Even Angela Merkel, the normally unflappable German chancellor, was forced to admit that her party’s drubbing in the Hamburg city election on Sunday night was a “bitter defeat”.
Her centre-right Christian Democratic Union saw its vote in the city-state halve to 21 per cent, its worst result since the second world war, sending an ominous signal of party weakness in the first of seven state elections in Germany this year.
Outside Germany – and especially in Brussels, where Ms Merkel is in talks on a financial rescue for the eurozone – she is thought to be running scared of more defeats at the hands of German voters reluctant to bail out members of Europe’s common currency.
The timing is difficult. The poll in Baden-Württemberg, in south-west Germany – a CDU citadel since 1953 – is due on March 27, two days after the European Union summit that is supposed to decide on a “comprehensive package” for the eurozone.
But will it matter? Inside Germany, most observers are convinced that European issues did not affect the vote in Hamburg and will not decide the outcome in Baden-Württemberg either. “Germans are very provincial,” says Andreas Busch, professor of political science at Göttingen university. “We have hardly ever had an election focused on foreign policy.”
Gerd Langguth, professor of politics at Bonn university, agrees. Even in Baden-Württemberg, where the “Swabian housewife” is a symbol of strict budget discipline, “European politics will not play a role,” he says. In Hamburg, where a coalition between the CDU and the environmentalist Green party had collapsed in disarray, no fewer than 82 per cent of electors said they decided their vote on the basis of local issues.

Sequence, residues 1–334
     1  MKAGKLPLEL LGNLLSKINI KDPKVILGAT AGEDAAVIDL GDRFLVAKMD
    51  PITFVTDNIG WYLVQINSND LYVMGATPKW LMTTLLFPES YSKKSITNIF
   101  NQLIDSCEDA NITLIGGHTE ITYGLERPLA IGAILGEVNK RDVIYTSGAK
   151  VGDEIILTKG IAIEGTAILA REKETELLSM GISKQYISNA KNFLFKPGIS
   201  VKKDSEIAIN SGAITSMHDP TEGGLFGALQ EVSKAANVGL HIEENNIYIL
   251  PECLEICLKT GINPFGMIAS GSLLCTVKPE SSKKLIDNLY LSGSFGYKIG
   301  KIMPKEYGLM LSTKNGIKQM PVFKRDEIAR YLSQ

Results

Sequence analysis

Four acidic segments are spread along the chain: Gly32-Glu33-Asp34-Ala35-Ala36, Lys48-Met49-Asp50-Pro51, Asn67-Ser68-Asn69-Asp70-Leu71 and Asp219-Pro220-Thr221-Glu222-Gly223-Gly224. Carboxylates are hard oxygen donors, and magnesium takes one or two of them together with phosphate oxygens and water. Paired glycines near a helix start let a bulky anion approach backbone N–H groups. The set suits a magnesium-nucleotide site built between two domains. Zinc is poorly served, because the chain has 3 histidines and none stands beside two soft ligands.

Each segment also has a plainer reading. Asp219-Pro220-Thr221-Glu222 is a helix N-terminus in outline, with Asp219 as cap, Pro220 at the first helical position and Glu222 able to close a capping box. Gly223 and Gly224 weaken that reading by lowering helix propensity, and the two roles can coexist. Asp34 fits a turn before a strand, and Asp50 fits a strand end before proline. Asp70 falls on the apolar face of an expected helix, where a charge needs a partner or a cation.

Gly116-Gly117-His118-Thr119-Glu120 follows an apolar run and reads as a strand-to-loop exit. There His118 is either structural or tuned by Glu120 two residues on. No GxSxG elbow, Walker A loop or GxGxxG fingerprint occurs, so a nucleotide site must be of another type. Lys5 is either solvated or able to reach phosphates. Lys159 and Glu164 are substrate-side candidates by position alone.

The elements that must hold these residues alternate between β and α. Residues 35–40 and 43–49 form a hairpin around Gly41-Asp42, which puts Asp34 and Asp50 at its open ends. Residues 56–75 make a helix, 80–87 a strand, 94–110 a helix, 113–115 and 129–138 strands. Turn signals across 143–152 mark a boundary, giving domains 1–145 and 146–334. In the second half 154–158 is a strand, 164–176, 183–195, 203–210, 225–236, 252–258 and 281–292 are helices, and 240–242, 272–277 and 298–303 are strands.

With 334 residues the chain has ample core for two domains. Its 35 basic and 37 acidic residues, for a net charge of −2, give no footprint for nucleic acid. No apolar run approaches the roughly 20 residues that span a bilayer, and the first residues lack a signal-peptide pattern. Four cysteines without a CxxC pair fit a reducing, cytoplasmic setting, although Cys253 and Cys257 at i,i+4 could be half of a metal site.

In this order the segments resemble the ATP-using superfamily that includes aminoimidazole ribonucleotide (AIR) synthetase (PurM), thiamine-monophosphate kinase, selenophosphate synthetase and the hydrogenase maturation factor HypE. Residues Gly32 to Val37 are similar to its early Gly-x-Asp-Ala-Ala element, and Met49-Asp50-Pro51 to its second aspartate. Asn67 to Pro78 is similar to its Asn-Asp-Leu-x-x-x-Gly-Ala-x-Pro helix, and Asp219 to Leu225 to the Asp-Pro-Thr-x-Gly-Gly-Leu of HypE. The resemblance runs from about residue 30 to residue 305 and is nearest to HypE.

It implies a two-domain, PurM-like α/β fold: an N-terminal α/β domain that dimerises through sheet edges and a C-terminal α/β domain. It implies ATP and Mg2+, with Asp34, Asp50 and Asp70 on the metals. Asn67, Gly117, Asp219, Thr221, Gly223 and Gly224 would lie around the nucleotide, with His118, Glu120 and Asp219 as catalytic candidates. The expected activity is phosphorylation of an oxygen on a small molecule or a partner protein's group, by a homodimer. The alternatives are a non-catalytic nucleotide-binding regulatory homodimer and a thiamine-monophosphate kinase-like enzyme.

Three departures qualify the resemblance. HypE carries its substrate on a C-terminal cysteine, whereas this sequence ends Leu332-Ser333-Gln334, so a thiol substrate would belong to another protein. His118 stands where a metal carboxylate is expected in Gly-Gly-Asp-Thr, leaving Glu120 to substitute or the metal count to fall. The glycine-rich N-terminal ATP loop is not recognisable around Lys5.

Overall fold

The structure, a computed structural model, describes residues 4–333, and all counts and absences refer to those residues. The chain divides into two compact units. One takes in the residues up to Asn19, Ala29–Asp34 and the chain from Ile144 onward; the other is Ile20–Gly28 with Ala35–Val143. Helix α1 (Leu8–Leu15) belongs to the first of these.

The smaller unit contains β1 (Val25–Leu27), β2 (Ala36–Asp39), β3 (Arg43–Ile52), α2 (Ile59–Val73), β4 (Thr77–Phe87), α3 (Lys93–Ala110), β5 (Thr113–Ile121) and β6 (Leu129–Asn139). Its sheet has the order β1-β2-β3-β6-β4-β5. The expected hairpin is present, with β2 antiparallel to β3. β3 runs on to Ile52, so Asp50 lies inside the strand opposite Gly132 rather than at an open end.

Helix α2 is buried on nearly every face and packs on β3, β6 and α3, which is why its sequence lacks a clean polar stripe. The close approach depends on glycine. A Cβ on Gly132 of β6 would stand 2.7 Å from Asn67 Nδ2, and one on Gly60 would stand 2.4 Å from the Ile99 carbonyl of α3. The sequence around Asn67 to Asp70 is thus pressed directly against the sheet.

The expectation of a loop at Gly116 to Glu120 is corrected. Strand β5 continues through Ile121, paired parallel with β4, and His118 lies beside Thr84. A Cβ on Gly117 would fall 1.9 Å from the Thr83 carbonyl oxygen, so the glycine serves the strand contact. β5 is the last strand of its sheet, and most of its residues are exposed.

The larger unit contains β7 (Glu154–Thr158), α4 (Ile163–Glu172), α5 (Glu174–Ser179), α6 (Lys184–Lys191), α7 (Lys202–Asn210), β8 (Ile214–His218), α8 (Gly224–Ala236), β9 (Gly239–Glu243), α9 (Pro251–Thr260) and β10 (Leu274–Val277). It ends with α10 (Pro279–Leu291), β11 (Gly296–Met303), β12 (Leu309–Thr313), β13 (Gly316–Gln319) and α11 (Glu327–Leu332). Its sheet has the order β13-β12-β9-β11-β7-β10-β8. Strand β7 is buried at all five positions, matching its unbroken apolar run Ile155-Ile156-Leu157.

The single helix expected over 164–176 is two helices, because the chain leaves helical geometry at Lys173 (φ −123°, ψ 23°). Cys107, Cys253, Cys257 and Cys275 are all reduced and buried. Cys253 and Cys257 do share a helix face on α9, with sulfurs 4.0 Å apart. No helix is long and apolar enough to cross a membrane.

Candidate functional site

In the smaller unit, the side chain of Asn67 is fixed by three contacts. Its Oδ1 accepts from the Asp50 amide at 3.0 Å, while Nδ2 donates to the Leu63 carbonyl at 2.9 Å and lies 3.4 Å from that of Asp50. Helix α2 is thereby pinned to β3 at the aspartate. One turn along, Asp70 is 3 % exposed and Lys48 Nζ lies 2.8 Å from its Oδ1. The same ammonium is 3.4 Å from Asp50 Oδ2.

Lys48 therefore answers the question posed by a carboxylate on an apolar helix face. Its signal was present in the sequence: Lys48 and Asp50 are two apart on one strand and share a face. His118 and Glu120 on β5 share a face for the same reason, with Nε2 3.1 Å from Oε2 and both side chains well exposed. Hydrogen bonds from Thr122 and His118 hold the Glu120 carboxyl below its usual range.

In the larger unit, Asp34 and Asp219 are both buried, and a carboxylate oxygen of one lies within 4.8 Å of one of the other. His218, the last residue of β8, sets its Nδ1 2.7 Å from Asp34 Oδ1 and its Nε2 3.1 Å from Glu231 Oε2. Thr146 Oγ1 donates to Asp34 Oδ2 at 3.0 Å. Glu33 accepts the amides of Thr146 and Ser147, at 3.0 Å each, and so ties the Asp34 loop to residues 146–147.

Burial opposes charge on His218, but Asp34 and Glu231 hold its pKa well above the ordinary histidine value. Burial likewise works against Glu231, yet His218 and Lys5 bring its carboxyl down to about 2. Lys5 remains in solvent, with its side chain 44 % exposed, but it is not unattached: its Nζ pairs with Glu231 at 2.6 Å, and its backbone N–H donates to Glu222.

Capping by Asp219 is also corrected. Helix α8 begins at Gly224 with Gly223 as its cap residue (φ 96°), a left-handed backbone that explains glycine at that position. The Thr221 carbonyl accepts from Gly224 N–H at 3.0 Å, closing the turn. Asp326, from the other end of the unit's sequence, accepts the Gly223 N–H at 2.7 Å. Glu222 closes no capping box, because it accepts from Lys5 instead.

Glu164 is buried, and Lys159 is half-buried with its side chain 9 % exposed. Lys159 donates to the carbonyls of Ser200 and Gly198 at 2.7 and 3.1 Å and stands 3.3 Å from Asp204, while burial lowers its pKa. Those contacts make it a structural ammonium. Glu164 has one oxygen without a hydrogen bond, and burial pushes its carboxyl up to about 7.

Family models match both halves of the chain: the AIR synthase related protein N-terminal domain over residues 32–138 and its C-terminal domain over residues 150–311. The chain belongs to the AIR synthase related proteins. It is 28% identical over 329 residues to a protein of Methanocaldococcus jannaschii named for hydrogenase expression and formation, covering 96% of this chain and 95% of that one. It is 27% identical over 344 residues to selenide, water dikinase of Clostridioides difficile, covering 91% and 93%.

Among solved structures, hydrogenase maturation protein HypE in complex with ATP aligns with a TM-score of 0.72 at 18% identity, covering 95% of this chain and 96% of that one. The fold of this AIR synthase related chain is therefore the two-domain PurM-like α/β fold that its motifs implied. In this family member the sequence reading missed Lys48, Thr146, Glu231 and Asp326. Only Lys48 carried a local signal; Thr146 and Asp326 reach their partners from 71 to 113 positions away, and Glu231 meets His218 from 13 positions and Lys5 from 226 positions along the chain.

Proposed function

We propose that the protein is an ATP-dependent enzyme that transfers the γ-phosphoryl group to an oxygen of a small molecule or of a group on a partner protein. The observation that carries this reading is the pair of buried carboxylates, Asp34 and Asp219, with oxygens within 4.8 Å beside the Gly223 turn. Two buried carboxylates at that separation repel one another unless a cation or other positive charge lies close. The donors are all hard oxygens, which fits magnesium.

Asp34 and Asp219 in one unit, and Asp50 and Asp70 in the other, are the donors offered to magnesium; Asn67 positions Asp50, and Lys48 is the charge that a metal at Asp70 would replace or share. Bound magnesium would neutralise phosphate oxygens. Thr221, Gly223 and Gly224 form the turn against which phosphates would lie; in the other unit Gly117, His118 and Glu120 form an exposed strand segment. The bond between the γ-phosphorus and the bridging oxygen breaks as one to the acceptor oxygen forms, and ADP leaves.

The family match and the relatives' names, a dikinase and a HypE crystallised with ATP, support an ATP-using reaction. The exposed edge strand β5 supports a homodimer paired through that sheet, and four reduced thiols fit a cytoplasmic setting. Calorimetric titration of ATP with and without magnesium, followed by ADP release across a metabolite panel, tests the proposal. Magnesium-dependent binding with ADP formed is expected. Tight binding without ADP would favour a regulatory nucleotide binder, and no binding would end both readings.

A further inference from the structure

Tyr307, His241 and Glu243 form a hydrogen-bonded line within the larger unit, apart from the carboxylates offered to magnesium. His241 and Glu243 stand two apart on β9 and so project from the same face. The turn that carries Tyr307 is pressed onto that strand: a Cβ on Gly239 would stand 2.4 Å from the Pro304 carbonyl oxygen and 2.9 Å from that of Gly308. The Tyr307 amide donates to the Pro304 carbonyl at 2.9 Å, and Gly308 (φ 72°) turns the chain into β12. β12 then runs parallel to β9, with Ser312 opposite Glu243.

“Our voters are smart,” says Olaf Scholz, leader of the victorious Social Democrats. “They vote on the issues we can decide in the city.”
Although the opposition SPD is languishing in national opinion polls, it staged a dramatic recovery in Hamburg to win an absolute majority. The result went against the national trend, however, in which the CDU has been gradually recovering with about 36 per cent support, the SPD has been stuck in the mid-20s, with the Greens snapping at their heels on more than 20 per cent.
The good news for the SPD, according to Manfred Güllner, head of the Forsa opinion polling institute, is that Mr Scholz proved he could win elections on the centre ground. The bad news, says Prof Busch, is that the party cannot rely on replicating its victory in other states.
Yet Hamburg has some clear lessons for Germany’s political parties.
The first, says Mr Güllner, is that for both the CDU and SPD – the two great “people’s parties” of postwar German politics – entering into coalition with the Greens has proved to be “the kiss of death”. The “astonishing” SPD result in Hamburg was driven by the determination of party loyalists not to be forced into a “red-green” coalition, prof Langguth says.
A second lesson for the CDU, says Prof Busch, was that its vote slumped because traditional supporters stayed at home. Such a reaction could upset Ms Merkel’s calculations in Baden-Württemberg, where opinion polls give the centre-right combination of CDU and Free Democrats 47 per cent in the polls, against a combined 44 per cent for the SPD and Greens.
Ms Merkel may fear that if she is seen to be over-generous with German taxpayers’ money in Brussels, her voters will stay at home.
But they will not vote for opposition parties. The SPD and Greens are if anything more pro-European than the CDU and FDP.
Mr Güllner is still doubtful that talks in Brussels will make any difference. “European politics has never played a role in German elections,” he says. “It is not election-relevant.”